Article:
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British regulators zero in on policing the Metaverse

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(Kitoko News) – The UK continues to step up its efforts to develop a regulatory framework for the rapidly growing digital asset space, with the latest comments from regulators aimed at cracking down on the Metaverse.


Melanie Dawes, CEO of UK media regulator Ofcom, spoke at an event in London organized by the policy consulting group Global Counsel on Tuesday. They are subject to upcoming regulations that force platforms to protect users from online harm.


“Honestly, from a UK perspective, I don’t know if that ‘self-regulatory phase’ really exists. If young people are in an environment with user-generated content as per the bill’s scope, it will already be caught by the Online Safety Bill. report By CNBC.


Regulatory authorities online safety bill, which is a set of laws that seek to stop harmful content from being widely shared on the Internet. The bill was introduced by the Department of Digital, Culture, Media and Sports (DCMS) and is currently passing the House of Representatives.


The rules outlined in the bill aim to impose a duty of care on businesses requiring them to take strong action against harmful material, such as posts that promote violence or self-harm. .


Sites that host user-generated content must remove illegal online material. Platforms likely to be accessed by children have been instructed to remove “legal but harmful material,” such as content about eating disorders and self-harm.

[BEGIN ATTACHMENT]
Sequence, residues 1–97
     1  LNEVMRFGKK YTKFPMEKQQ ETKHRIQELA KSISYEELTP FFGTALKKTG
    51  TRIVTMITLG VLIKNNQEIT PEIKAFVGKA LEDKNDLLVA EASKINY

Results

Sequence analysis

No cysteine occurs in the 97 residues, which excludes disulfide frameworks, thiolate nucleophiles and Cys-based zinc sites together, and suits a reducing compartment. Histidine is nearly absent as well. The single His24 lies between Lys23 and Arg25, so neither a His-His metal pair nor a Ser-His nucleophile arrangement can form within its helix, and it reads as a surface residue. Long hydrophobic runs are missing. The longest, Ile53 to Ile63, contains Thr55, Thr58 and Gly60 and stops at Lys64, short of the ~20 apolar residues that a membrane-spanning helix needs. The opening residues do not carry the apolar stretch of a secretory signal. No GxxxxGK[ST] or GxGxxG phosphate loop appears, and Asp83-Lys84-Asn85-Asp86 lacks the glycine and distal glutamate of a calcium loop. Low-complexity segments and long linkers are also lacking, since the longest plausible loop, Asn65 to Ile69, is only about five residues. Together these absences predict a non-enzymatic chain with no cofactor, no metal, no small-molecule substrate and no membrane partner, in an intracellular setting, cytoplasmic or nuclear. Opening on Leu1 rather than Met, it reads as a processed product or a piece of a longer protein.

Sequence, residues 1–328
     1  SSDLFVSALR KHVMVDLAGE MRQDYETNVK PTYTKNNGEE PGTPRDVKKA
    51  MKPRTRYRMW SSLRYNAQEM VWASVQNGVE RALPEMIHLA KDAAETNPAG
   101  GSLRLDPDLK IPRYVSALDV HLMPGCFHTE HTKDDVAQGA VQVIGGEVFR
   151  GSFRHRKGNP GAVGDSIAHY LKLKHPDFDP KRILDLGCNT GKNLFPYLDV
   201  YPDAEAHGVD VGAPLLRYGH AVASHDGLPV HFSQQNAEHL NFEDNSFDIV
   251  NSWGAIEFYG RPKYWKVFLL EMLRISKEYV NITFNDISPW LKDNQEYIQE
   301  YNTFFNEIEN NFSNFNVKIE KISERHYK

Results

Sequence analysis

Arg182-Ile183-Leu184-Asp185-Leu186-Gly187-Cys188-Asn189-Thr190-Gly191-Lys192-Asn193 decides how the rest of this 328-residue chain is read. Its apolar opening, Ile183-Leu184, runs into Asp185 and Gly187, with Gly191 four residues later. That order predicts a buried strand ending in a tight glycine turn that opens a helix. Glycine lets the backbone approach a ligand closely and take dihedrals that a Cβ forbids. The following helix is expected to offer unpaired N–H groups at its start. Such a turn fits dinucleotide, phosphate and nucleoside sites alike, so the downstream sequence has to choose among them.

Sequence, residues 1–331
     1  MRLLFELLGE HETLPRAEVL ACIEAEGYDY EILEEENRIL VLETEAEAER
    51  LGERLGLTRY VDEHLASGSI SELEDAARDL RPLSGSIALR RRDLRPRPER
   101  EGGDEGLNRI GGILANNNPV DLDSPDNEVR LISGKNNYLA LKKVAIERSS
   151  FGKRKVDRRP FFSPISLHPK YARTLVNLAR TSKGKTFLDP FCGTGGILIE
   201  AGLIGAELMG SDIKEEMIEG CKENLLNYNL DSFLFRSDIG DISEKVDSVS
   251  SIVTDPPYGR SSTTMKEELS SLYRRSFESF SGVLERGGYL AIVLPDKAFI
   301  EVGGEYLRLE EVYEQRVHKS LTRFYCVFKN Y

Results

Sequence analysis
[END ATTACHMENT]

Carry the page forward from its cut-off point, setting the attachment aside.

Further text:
Websites most affected by the bill include social media platforms, sites including forums and messaging apps, search engines, certain online games, cloud storage providers, and popular pornographic sites.






Although the text of the bill does not specifically mention websites related to the metaverse, it is widely believed to be obligated to meet that requirement as well.


Dawes made direct reference to the Metaverse in his speech, emphasizing how it differs from “traditional” social media. This includes immersive VR services that make it difficult to observe what a child is experiencing when wearing a headset.


“With the scale of what’s happening, it takes moderation to make sure these things are under control,” Dawes says. “I think things like Metaverse add some intensity to that mix.”


The regulator also pointed to the gaming sector in particular, saying that due to the fact that video games are “especially attractive to children”, regulation needs to be more “aggressive” to address safety from the start. suggests that there is


Platforms that violate the rules of the Online Safety Bill can be fined up to 10% of their revenue, and senior management can ultimately face criminal charges for “more extreme violations.”


The bill is currently stalled following the recent reorganization of the Prime Minister’s Office. Now that the new prime minister, Rishi Sunak, has taken office, regulators want the bill to pass parliament.


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